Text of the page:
I bought a £7 curtain rod from IKEA to hang the curtains and for a small window like this that is perfectly fine.
I was very close to choosing a patterned fabric but I’m so glad I went with a plain linen as I can introduce colour and pattern with a rug and textiles on the bed.

I’ll be honest and say that I agonised over the the fabric choice and I was very close to choosing this William Morris fabric but actually I am so thrilled with my final choice of Halki Linen so these are my tips for choosing the right fabric for your room:

1. Order samples… always!

2. Pick a colour from your room’s colour scheme either from the walls, carpet, lampshade or art work. Choose a neutral – I was very close to choosing this gorgeous parchment linen, which is slightly lighter in colour than the Halki Linen – if you want the curtains to blend with the rest of the room or an accent colour if you want the curtains to make a statement or even establish the colour scheme for a room.

3. If you choose a pattern think about how they will look closed as well as open.

4. Select the type of fabric very carefully as this will have a big bearing on how your curtains drape and the feel they will give to the room. Cotton and linen will hang well whilst velvet will give a much more opulent feel.

5. If you want to block out light you will need black out lining and if drafts are a concern choose inter lining (so there are three layers of fabric) which gives the curtain a wonderful heaviness and luxurious feel.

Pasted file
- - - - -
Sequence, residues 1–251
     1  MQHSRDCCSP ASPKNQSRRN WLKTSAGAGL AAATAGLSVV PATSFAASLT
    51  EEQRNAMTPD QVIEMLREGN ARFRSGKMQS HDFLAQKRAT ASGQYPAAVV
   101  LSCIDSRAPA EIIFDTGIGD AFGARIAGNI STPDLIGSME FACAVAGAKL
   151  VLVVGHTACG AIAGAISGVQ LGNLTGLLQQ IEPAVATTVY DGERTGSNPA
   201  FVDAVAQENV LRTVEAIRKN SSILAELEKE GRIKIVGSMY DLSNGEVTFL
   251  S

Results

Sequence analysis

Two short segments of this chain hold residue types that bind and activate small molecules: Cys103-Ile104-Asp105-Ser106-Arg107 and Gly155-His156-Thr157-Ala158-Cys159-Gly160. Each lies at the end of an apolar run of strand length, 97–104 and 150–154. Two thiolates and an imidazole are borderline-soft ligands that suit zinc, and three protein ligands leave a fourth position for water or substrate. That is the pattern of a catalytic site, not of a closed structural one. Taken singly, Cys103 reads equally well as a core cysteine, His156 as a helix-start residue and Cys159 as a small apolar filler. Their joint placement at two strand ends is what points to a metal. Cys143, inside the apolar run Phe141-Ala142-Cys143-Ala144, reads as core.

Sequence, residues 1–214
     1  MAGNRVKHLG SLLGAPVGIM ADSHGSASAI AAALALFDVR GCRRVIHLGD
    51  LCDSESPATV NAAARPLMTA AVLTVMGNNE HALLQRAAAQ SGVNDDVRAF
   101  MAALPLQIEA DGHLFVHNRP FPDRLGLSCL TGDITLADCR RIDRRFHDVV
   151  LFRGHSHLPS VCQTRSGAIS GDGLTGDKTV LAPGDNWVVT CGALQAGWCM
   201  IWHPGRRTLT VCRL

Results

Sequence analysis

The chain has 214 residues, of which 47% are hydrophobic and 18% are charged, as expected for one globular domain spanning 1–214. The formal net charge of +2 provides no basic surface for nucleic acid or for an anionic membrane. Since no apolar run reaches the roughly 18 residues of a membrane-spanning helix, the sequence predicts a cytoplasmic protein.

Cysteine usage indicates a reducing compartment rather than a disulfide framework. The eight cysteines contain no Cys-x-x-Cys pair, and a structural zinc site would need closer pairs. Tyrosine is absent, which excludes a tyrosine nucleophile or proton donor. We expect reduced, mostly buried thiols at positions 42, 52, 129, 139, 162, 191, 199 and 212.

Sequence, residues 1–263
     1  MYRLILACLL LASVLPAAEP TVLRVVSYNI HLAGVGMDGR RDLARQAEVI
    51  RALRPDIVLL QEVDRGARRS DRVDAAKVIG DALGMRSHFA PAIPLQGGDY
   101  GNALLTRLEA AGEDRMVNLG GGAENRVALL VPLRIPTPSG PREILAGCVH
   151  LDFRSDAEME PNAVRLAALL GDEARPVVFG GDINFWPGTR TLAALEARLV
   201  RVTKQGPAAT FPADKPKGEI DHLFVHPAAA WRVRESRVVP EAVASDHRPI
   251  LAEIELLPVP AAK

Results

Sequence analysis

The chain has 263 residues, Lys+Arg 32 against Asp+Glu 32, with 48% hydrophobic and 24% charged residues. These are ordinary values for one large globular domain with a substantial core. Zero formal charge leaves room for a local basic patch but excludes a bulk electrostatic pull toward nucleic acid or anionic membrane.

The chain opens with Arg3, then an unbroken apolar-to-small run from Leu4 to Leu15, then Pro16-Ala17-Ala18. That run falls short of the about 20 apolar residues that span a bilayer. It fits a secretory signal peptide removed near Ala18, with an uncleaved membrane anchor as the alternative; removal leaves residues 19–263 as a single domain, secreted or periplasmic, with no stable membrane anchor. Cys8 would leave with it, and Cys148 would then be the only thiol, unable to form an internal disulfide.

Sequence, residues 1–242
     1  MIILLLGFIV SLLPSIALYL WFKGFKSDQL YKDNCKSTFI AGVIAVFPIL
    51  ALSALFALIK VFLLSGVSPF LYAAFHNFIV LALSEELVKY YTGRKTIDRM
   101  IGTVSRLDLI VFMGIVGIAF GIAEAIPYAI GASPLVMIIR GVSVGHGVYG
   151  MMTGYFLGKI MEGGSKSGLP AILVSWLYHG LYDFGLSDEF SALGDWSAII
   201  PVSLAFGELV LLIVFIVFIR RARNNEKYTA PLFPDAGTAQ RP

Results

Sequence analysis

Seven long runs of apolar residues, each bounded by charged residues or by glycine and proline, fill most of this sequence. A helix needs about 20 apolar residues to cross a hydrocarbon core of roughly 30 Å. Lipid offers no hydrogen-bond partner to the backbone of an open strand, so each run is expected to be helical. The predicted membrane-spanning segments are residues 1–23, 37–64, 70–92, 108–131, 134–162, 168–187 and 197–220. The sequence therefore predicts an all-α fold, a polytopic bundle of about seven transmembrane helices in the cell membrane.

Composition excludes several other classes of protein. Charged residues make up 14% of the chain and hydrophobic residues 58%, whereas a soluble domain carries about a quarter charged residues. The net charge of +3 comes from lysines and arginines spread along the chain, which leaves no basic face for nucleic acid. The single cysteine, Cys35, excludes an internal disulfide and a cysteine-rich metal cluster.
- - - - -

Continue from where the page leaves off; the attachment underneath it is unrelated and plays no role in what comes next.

I love my new work spot and I no longer even notice the ugly uPVC window now!

So, I’m left wanting curtains in every room and I would absolutely love them in our sitting room bay window but I fear the cost of a curved curtain rod and the fact that there isn’t much space to draw the curtains back onto is an issue. Anyone else successfully hung curtains in a bay in a small room? I’d love to see pics if you have any.

Katy x

Printing photographs to create wall art or special gifts

*This is a paid collaboration with Snapbook

Discount code for 20% off everything at Snapbook: APARTMENT APOTHECARY

I made a promise to myself a few months ago that I would start the process of filling all of our blank walls to give the house more character and to help it feel more homely. Part of that process has been about printing out precious photographs and getting them well framed to hang on the walls. I have thousands of photos on my phone – as I’m sure so many of us have – but putting them up on the wall is just so lovely. That’s why I am very pleased to collaborate with Snapbook (you can download the app here) as it takes all of the effort out of photo printing as it operates through an app so you can do it all directly through your phone – no need to download, USBs or visiting photo printing shops etc.

Katharine Peachey took some beautiful shots very shortly after Mimi was born that I have printed using the Snapbook app and framed with a large mount to make them piece of wall art.

I decided to print out some special photographs that were taken by our lovely friend Katharine when she visited us the week after Mimi was born as well as the first photo Jules took immediately after I gave birth and met Mimi for the first time. Mimi just loves looking at ‘real’ photos and the framed ones we have in her room are some of her favourite things to talk about. Snapbook offer various photo print sizes so I chose the 5×7″ and with a large mount and frame they suddenly become proper pieces of wall art with a photo that cost 25p to print! Yes, the mount and frame costs a lot more but compared to a piece of art it’s a much more affordable way to fill your walls. Also, if you are struggling to think of meaningful Christmas presents why not get a lovely photo printed and framed beautifully? I really think that is a present that most people would love.

The quality of the Snapbook prints really does justice to the these beautiful photographs.
This photo was just a lucky snap that Jules took on his (pretty rubbish) phone but by making it black and white and printing it 5×7″ it looks great. Such a precious memory of being handed Mimi for the first time after her birth.